The group travelling low on the side of the mountain paused, looking around with startled eyes.  They felt the faint vibration of the ground, their ears barely picking up the distant rumble.  A child stared curiously at a small rock that rolled and clattered past.

                With a deliberate and practiced hand, he painted the mountainside, coloring bright red trails down the rock face.  The rumbling grew louder, the ground shaking with increasing fury.  The pebbles and rocks already lightly clattering down the mountainside were chased by larger rocks, boulders, and clouds of billowing un-breathable dust.

                The small group, related families forced to relocate, began to scramble in a frightened panic.  They grabbed at children, dropping some belongings, keeping only that which was essential for survival.  They ran this way and that, growing confused with fear, running for their lives.  One woman tripped and fell, her infant clutched protectively in her arms, scraping her arm and leg on one side on the sharp rocks.  A little stunned, she lay there breathing hard, staring at her husband who had been hurriedly picking through their meager belongings, discarding anything they could not eat.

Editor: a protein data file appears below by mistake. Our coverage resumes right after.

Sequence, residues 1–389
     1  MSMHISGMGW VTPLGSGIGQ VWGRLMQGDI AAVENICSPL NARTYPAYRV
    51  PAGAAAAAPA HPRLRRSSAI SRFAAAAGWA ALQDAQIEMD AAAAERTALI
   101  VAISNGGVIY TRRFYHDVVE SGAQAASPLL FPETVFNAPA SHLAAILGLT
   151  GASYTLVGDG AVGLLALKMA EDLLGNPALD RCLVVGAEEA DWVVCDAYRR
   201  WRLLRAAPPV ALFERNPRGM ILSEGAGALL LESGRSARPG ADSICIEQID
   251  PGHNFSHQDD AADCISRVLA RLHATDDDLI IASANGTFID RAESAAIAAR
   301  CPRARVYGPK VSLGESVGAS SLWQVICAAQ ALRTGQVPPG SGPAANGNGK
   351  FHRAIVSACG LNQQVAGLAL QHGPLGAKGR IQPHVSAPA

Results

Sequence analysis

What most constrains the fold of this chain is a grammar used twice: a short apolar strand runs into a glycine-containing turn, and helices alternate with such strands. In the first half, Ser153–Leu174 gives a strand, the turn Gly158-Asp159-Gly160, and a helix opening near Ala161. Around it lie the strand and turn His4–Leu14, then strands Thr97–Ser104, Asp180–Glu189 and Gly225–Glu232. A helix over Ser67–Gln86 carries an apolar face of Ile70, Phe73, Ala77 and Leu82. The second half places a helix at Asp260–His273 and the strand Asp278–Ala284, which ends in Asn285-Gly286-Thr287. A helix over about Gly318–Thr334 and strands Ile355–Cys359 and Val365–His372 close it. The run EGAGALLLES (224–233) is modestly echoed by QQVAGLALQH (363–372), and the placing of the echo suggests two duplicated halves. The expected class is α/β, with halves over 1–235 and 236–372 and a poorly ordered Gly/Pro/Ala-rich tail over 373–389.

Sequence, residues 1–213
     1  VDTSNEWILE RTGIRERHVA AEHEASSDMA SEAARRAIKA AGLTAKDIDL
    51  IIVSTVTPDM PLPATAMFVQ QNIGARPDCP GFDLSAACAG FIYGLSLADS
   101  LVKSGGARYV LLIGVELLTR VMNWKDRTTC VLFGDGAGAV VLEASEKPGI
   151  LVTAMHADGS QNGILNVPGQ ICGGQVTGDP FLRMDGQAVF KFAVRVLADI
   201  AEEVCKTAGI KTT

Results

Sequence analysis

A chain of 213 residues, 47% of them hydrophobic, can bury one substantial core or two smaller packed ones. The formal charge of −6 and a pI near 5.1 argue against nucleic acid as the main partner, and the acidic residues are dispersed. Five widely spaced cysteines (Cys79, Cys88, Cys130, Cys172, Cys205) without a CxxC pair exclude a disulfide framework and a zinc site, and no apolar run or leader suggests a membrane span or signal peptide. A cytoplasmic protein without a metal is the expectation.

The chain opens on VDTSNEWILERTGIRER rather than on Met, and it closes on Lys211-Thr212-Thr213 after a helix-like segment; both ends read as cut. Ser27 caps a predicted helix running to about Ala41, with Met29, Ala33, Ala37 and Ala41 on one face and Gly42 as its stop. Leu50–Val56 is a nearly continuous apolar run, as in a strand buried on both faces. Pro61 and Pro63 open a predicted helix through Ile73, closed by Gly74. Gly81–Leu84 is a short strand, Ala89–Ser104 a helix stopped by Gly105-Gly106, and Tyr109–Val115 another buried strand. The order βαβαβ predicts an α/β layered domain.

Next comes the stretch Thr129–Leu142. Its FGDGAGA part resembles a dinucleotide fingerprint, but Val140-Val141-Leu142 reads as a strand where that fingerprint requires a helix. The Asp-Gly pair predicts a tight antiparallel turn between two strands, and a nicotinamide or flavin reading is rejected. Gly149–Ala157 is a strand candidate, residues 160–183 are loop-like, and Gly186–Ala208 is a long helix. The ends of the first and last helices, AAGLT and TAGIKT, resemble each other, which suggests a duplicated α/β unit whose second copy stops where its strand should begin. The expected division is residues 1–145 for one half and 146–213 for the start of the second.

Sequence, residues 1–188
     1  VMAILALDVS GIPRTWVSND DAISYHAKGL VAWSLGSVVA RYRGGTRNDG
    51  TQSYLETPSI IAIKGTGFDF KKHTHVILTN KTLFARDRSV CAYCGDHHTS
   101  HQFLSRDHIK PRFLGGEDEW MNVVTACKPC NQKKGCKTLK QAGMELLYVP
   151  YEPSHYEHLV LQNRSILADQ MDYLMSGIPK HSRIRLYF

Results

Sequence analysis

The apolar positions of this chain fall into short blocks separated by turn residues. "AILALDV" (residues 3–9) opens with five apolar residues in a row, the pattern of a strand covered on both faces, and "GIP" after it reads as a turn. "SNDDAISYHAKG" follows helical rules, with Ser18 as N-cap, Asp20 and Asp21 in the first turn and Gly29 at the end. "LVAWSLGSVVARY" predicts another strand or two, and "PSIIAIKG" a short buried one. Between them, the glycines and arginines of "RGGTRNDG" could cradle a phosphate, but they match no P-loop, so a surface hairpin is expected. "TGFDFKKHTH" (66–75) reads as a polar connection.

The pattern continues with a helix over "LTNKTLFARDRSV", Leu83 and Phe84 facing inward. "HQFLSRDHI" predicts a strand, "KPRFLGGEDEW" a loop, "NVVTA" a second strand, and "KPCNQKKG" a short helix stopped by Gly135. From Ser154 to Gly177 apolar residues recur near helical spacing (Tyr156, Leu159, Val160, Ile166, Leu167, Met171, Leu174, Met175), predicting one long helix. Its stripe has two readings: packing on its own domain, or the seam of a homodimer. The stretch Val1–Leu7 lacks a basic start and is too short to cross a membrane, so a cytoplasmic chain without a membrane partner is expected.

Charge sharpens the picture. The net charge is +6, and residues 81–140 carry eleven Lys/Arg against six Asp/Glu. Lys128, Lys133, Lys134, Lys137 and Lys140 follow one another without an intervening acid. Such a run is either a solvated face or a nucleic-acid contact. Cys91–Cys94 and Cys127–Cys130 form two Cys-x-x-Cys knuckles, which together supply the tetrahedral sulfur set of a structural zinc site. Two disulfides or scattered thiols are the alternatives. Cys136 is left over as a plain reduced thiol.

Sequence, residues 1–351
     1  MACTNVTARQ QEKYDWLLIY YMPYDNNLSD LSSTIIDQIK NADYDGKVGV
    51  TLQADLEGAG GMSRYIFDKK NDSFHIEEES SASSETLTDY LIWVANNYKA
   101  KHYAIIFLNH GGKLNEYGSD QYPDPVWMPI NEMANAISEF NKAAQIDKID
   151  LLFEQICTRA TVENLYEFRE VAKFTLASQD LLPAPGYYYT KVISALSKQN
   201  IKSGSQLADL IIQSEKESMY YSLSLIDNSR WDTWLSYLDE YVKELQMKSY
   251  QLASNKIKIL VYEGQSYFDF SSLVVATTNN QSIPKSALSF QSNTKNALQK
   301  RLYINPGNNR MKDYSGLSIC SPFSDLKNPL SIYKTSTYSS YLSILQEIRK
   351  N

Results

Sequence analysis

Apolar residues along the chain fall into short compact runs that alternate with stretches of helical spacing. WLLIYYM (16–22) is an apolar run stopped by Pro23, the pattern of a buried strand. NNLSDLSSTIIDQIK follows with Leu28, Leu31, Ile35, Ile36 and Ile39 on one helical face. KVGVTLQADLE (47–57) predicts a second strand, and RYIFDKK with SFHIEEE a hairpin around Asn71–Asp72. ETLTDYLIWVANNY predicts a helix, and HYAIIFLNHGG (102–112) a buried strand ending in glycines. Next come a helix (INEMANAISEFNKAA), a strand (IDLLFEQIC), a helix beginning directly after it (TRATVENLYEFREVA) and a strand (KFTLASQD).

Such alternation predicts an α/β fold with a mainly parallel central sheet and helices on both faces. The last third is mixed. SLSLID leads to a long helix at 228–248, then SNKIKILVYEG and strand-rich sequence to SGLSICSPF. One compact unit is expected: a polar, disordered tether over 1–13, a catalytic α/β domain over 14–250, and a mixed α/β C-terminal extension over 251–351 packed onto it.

He gently dabbed a spot of red upon the head of the man.

                Looking almost bewildered, the man stared at his fallen wife, pleading with his eyes for her to hurry to her feet and run.  A boulder flew by them as if hurled from the mountain by a giant invisible hand, flying past between the two with unstoppable momentum.  After it had passed by, the man’s headless body stood there, wavering slightly, his head now a small red smear being painted down the mountain by the rolling boulder.

                So intent were the terrified people on fleeing the rockslide that most of them did not even notice the dark and terrible winged creature that swooped down silently from the sky, its tattered cloak flapping like the rotting sheet wrapped about a corpse.  The creature seemed somehow indistinct, as though only a shadow of it could touch this world.